The age of deposition in the Sanfranciscana Basin is well constrained by two magmatic events to the Lower Cretaceous. It postdates the eruption of the Paraná continental flood basalts dated at 138–128 Ma [20], and for the most part predates alkalic lavas and volcaniclastic rocks dated at 95–76 [21], which are intercalated with sandstones of the upper part of the basin fill. The lacustrine deposits of the Quiricó Formation, which are in the lower part of the Sanfranciscana sequence, are constrained to the Aptian based on the presence of sarcopterygian fishes [22], ostracods [23], and palynomorphs [24] (see Text S1 and Figures S1, S2, and S3).


An advanced titanosaurian diagnosed by the following autapomorphies: hook-shaped posteroventral process of the quadratojugal; anterior process of the jugal tapering and forming most of the ventral margin of the antorbital fenestra; anterolateral tip of the pterygoid contacts the medial surface of the ectopterygoid. The new taxon is also diagnosed by the following unique combination of characters: deep fossa on the lateral surface of the maxilla between the antorbital fenestra and the subnarial foramen; elongated middle cervical vertebrae; posterior dorsal vertebrae with well-developed prespinal lamina and absence of hyposphene-hypantrum; deep fossae located below intraprezygapohyseal lamina; crescentric-shaped sternal plate; proximodistally long coracoid; elongated ulna and distally expanded radius.

Description and comparisons

The skull of Tapuiasaurus (Figure 1), as in Rapetosaurus and Nemegtosaurus, has an elongated rostrum with narrow premaxillae that are not broadly exposed laterally, cylindrical teeth extending up to the level of the preantorbital fenestra, forward leaning quadrates, and external nares retracted to the level of the orbits [15], [25]. The antorbital fenestra is larger than in most macronarians (including Nemegtosaurus) but not as elongated as in Rapetosaurus. The premaxilla projects posterodorsally along the dorsal surface of the rostrum, as in Nemegtosaurus [11]. Tapuiasaurus also shares with Rapetosaurus and Nemegtosaurus an elongated post-dentigerous process of the maxilla. This process of the maxilla tapers posteriorly instead of forming a robust contact with the jugal, as in Rapetosaurus. A unique feature of Tapuiasaurus is the presence of a long anterior process of the jugal that covers the dorsal edge of the maxilla and forms most of the ventral margin of the antorbital fenestra. The lacrimal has a broad ventral process and a remarkably long anterior process on its dorsal extremity, a condition otherwise only known in Rapetosaurus [12]. The prefrontal has a short transverse articulation with the nasal and bears an anterior process as in nemegtosaurids [11], which is extremely long and thin as in Rapetosaurus [12].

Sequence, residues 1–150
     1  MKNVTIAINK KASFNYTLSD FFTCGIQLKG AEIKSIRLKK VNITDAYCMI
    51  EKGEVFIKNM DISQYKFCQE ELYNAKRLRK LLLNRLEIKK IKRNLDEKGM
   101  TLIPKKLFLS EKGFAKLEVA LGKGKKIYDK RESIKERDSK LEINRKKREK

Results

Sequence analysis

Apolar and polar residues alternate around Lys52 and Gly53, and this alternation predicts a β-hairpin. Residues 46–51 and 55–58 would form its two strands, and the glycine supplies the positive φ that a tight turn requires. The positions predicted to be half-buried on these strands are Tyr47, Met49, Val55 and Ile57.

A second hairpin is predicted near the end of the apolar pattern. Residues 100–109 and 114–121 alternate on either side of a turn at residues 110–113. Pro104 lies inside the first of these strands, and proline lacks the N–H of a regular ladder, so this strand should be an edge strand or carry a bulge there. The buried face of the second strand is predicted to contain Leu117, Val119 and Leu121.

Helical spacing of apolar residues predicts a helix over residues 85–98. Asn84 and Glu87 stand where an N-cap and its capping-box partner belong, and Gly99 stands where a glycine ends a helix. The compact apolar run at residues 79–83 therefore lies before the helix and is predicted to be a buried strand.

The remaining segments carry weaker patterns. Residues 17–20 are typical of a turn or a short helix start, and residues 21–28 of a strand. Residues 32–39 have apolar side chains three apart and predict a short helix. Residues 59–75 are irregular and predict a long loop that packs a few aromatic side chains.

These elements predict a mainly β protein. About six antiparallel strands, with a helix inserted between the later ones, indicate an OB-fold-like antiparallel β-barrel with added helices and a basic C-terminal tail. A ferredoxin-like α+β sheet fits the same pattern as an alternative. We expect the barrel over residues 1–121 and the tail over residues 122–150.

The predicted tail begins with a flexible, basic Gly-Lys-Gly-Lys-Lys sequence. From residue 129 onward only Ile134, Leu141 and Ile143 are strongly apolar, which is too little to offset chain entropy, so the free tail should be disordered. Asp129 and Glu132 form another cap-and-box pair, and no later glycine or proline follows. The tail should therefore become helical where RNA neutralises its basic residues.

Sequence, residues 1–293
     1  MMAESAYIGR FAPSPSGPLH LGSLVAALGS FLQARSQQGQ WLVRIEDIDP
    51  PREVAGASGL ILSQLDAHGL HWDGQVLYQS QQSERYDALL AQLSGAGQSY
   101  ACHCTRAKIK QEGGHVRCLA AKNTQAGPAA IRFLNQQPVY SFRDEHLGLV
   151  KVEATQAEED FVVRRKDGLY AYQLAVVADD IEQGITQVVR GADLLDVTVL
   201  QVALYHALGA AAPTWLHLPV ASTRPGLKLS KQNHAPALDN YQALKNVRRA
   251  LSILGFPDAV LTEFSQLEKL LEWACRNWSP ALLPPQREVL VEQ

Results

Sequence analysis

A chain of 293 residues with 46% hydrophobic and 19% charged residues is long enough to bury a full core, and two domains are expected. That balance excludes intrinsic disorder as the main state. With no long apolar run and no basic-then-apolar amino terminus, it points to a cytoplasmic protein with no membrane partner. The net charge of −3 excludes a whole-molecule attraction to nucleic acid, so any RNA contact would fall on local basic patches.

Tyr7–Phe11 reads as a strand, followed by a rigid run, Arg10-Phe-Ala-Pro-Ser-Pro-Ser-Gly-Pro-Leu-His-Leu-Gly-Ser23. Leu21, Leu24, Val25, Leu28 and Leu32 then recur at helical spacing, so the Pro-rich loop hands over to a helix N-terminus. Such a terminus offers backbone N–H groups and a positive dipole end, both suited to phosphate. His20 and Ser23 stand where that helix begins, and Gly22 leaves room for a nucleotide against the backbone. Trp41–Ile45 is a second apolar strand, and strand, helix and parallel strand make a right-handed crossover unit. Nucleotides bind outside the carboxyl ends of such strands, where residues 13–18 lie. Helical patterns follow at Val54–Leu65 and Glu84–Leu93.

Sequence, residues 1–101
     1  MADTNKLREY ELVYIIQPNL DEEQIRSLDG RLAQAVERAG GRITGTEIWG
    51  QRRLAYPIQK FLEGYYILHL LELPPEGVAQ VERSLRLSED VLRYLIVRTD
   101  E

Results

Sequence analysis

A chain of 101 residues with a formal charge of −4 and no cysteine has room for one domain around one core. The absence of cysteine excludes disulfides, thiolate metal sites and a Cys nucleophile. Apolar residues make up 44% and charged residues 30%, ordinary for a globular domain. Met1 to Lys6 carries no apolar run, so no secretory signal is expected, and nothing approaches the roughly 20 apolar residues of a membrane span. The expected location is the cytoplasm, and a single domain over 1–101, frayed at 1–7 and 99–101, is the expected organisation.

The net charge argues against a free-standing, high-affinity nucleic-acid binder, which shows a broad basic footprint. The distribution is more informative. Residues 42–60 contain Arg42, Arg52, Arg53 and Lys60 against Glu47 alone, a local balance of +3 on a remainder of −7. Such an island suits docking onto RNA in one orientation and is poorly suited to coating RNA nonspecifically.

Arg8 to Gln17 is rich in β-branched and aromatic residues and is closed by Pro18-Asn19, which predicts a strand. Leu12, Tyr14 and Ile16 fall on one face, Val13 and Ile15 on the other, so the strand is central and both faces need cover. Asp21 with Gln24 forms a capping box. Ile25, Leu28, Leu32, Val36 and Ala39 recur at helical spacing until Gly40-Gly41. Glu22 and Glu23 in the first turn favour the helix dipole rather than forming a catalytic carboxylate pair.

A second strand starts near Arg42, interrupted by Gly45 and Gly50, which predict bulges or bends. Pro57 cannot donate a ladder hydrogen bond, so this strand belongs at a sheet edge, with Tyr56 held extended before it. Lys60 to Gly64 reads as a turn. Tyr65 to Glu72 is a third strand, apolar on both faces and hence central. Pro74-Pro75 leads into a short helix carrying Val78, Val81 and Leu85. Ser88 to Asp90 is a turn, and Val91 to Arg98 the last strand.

Figure 1. Skull of Tapuiasaurus macedoi, gen. n. sp. n.

Photographs and half-tone drawings of the skull of the holotype MZSP-PV 807 in right lateral view (A), left lateral view (B), dorsal view (C), and occipital view (D). Abbreviations: an, angular; aof, antorbital fenestra; ar, articular; asaf, anterior surangular foramen; atl, atlas; bt, basal tubera; bptp, basipterygoid process; d, dentary; ect, ectopterygoid; en, external nares; f, frontal; fm, forame magnum; itf, infratemporal fenestra; j, jugal; l, lacrimal; ls, latrosphenoid; m, maxilla; n, nasal; oc, occipital condyle; os, orbitosphenoid; p, parietal; paof, preantorbital fenestra; pf, prefrontal; pl, palatine; pm, premaxilla; po, postorbital; pp, paroccipital process; psaf, posterior surangular foramen; pt, pterygoid; q, quadrate; qf, quadrate foramen; qj, quadratojugal; sa, surangular; sf, subnarial foramen; soc, supraoccipital; sq, squamosal; sr, sclerotic ring; stf, supratemporal fenestra. Scale bar represents 10 cm.